Broadband exit fees and above-inflation price rises should be scrapped as UK customers face a cost of living crisis, the CEO and founder of broadband firm Cuckoo Alex Fitzgerald has demanded.
He said millions of internet users are seeing annual price rises of nearly 10 per cent just as other bills rocket – but are helpless to react because of exit penalties of hundreds of pounds.
With most broadband customers locked into 18-month or 24-month contracts, it has been reported that the price rises will cost UK households more than £100m a month – or £1.3bn a year.
This week alone, six of the eight major broadband providers – BT, EE, TalkTalk, Vodafone, Plusnet and John Lewis Broadband – are raising their prices for most customers by between 8.2 per cent and 9.3 per cent depending on when they initially signed up.
Yet unlike the energy sector, where wholesale prices have dramatically increased, wholesale costs in broadband are regulated by Ofcom and have remained flat for two decades.
As such, Fitzgerald has urged broadband providers to “do the decent thing” and scrap exit fees and above-inflation increases.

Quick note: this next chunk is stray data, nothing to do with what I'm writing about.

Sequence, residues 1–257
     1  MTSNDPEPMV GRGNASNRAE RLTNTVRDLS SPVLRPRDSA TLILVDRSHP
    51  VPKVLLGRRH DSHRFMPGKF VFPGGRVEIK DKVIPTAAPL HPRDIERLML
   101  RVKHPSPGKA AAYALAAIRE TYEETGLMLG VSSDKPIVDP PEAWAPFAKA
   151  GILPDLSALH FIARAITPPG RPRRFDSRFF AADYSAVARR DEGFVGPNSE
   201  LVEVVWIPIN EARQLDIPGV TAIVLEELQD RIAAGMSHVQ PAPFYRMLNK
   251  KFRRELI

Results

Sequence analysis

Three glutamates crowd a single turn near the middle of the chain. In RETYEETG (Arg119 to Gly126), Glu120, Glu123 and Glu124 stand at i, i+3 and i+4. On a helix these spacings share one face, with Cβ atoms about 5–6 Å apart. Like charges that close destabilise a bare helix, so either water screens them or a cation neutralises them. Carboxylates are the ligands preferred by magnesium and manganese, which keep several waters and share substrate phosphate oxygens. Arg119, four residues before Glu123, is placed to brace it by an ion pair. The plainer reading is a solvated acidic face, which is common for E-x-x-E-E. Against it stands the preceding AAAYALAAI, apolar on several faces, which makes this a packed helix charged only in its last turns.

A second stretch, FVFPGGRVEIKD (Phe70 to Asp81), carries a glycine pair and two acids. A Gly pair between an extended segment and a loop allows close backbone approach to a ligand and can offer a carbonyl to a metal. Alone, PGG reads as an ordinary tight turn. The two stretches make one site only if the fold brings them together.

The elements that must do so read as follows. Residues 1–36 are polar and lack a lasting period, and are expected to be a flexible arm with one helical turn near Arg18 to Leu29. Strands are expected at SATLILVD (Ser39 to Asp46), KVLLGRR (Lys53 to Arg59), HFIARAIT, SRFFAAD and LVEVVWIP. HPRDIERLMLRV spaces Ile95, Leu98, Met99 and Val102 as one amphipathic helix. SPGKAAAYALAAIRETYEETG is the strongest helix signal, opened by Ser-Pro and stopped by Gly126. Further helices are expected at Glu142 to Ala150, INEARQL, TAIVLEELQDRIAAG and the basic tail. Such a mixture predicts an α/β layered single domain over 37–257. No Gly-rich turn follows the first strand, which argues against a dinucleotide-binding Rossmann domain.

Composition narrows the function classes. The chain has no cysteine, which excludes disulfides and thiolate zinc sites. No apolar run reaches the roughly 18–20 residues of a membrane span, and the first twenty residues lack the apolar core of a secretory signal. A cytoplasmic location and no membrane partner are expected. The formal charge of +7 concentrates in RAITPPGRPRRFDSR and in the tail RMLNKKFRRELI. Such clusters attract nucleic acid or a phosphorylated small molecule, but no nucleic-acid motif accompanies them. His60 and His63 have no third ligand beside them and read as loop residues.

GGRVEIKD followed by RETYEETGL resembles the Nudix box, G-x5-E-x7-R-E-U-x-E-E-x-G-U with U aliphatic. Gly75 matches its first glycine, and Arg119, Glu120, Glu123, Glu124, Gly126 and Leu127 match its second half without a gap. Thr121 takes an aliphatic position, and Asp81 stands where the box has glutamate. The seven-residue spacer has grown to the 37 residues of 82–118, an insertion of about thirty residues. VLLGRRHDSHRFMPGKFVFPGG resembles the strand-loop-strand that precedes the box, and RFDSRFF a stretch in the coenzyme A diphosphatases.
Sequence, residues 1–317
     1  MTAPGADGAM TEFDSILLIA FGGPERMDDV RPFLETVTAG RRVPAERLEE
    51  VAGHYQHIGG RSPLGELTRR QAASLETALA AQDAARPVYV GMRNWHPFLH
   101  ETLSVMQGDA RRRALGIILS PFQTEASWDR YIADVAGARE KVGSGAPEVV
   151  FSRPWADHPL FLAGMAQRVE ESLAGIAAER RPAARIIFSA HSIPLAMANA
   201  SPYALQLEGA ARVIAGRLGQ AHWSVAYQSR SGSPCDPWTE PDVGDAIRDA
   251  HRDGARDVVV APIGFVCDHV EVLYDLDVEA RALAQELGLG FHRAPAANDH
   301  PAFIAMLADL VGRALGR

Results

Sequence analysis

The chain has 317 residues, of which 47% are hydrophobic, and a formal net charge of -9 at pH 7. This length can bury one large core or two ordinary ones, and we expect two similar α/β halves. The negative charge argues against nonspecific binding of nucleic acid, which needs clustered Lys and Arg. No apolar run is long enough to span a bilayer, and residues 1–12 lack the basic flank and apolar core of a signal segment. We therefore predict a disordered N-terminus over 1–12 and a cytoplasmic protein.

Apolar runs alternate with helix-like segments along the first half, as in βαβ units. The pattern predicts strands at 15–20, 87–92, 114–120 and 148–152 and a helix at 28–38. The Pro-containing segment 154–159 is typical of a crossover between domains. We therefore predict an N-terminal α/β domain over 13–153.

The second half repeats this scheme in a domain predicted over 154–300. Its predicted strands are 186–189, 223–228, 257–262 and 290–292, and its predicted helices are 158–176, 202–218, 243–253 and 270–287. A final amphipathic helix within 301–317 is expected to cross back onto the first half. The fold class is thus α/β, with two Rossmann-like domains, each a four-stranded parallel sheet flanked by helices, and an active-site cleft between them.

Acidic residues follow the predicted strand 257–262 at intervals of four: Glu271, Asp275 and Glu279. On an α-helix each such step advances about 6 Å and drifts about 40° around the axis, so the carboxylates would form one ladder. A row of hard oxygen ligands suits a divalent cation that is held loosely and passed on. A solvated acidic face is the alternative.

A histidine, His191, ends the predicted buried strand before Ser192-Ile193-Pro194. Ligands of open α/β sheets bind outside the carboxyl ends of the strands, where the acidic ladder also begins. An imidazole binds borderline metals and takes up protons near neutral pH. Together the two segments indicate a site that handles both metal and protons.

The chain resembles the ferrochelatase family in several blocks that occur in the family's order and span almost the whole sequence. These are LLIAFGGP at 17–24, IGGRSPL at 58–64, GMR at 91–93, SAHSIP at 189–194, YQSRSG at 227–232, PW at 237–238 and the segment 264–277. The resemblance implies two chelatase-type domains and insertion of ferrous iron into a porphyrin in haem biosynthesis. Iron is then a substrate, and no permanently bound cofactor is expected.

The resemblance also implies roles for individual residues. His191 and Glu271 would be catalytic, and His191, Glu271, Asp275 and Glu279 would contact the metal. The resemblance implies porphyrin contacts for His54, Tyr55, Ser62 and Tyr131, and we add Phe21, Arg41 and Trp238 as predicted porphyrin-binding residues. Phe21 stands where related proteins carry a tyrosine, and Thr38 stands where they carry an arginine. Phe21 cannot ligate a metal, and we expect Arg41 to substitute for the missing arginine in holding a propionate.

“Most broadband customers are tied into long contracts. Many won’t have read the small print properly and won’t realise they face an annual increase tied to the Consumer Prices Index with another four per cent whacked on top”, he said.
“Then when they do realise and try to leave for a better deal, they run into the brick wall of exit fees. These can be hundreds of pounds. Broadband firms use opaque methods to calculate the fees – meaning customers aren’t sure of how much they could have to fork out”.
For the Cuckoo founder, it is the combination of price rises and exit fee traps that makes the situation so unfair for the poorest and middle income households.
He said that whilst Cuckoo couldn’t promise that it would never raise its prices, he said the main focus was being honest and transparent whenever it did need to do so.
Having started out in 2020, Cuckoo defines itself as the “challenger broadband company”, with a mission of becoming the UK’s fastest and fairest internet service provider.
Investors include venture capital firms RTP Global and JamJar Investments, who have backed by the likes of Deliveroo and Oatly.